The Night of the Souls
Cork Street Gallery,
Peter Howson is an artist of disarming visual honesty. His work, which at different stages in his career has celebrated allegory and allegorised celebrity, depicting the landscapes of modern war and internal struggle with a Goyaesque brilliance, is testament to an obsessive occupation with the dark recesses of existence, a drive that he has channelled, in recent years, into a robust faith and spiritualism.
Howson is a compelling storyteller, adept at both casting a light on the disenfranchised peripheries and embodying the universal Everyman. The new works shown here – an arresting group of portraits inspired by Dante’s Divine Comedy – make flesh the artist’s journey out of alcoholism, drug addiction and compulsive behaviour and his ongoing search for redemption. Like Dante, whose portrait here strikingly mirrors the artist’s own, Howson’s intimate experience of the maverick and excessive, sinful and strange (whether pictured as a teeming urban underbelly or an epic allegorical underworld) inform and animate his artistic and existential campaign.
Each of the three parts of Dante’s Commedia conclude with the word ‘stelle’, or stars, a cosmic inflection that invests the poem with hope and illuminates the protagonist’s path to spiritual enlightenment. Many of the characters that Howson depicts – the indolent Belaqua, held captive in Ante-Purgatory for the sin of sloth, flesh dragging from exaggerated jowls, shoulders sinking into a limp ellipse; Filipo Argenti, among the wrathful in the river Styx, fevered expression and bestial stare prophesying his violent end; battle worn excommunicate Manfred, handsome face tattooed into abstraction by a dense hatching of scars – are picked out in the eerie glow of a lone star. Howson distils the glimmer of celestial promise contained in this symbol in the eyes of ‘Lucia’; piercing pools of vivid blue that provide the beacons for Dante’s spiritual growth and ascent. St Lucy is a figure of illuminating grace, mercy and justice, who – along with Dante’s worldly love Beatrice – inspires Virgil to come to his rescue. Similarly, Howson has described his daughter Lucie, who suffers from epilepsy and Asperger’s Syndrome, as his ‘guardian angel’, reconciling the trauma of her condition by seeing it as a faith test. He credits Lucie for saving him from the spiral of destructive hedonism that preceded his conversion to Christianity in 2000, thus casting her in the same vital role as her divine namesake.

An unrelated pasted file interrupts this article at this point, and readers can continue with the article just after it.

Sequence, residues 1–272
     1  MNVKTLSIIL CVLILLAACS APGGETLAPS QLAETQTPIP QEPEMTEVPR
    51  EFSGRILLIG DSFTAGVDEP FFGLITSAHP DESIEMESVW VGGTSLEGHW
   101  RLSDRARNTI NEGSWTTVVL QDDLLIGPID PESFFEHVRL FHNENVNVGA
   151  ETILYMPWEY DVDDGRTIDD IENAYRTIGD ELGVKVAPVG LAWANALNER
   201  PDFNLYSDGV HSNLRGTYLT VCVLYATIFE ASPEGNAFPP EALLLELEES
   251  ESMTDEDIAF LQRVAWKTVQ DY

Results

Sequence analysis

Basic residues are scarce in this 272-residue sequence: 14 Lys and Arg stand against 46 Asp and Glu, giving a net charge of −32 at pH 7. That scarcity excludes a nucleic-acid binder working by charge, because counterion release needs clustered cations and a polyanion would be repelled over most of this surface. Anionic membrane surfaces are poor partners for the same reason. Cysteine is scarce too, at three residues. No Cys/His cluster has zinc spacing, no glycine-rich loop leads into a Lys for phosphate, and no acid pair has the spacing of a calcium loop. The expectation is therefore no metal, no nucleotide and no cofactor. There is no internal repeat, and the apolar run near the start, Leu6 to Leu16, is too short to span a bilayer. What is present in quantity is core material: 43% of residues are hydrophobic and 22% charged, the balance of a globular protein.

The characters that form this new series – a compelling menagerie that appear to dramatise the manifold dimensions of Howson’s own psyche as effectively as they illustrate the players in Dante’s verse – gather around a colossal and awe-inspiring painting of Jesus in the pose of crucifixion. Sulphuric plumes of vivid red engulf his contorted body and sinewy limbs, framing his waxen figure in an encroaching inferno. While the painting appears to invoke violence and suffering on a biblical scale, by omitting the cross from the depiction, Howson introduces the possibility that it is, in fact, an audacious resurrection that we are witnessing. This essential ambiguity – the prospect of hope in the midst of torment and desolation – is the star that shines brightly over these works, signalling the lucid dawn at the end of Howson’s dark night of the soul.